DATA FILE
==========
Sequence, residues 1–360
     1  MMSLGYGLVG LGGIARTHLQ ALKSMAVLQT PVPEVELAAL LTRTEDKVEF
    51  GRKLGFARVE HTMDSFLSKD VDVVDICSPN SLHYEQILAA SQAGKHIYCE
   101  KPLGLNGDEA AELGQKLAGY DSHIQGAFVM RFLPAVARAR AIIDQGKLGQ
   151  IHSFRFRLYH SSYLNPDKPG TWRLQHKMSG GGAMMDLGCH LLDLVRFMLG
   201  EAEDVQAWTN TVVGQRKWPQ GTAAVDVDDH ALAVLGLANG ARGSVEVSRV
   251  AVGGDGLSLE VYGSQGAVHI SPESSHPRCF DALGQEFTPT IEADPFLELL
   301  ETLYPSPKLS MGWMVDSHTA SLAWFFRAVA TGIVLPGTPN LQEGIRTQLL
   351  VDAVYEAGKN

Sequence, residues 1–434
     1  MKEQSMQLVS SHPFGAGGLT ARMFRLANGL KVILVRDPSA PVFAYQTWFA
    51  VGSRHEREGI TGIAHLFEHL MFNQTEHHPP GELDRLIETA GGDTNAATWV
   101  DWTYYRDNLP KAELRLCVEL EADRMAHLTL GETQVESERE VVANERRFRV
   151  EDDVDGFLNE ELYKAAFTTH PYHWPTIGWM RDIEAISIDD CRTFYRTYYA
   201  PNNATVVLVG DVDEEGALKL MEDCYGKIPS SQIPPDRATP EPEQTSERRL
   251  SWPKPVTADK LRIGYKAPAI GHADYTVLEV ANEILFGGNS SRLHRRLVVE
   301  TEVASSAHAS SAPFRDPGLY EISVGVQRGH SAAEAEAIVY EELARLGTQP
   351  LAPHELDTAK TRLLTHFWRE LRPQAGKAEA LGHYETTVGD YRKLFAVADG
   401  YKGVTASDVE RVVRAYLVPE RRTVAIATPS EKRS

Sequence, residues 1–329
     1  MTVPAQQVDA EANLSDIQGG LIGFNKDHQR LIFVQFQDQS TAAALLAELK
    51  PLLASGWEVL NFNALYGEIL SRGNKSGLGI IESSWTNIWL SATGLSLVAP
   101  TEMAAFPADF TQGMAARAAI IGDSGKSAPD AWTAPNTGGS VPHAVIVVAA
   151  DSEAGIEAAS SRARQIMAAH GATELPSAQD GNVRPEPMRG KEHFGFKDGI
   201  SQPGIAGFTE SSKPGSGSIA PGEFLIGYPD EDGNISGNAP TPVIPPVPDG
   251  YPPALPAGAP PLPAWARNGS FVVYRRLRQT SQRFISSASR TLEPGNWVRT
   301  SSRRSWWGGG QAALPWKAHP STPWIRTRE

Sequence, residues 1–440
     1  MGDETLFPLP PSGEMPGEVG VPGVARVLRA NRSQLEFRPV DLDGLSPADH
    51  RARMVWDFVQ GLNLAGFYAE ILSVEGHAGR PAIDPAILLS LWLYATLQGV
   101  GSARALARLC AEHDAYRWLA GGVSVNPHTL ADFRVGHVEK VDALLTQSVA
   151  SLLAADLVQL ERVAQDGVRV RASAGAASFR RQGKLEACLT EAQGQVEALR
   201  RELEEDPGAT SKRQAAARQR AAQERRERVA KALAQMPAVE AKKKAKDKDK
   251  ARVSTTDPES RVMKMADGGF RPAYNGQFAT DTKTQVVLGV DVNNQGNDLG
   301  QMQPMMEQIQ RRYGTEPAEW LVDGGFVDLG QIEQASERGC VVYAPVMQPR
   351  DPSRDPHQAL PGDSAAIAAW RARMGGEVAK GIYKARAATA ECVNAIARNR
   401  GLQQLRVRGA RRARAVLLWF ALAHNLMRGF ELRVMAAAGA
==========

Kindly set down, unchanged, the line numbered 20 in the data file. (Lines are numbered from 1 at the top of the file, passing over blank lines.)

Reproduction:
Sequence, residues 1–329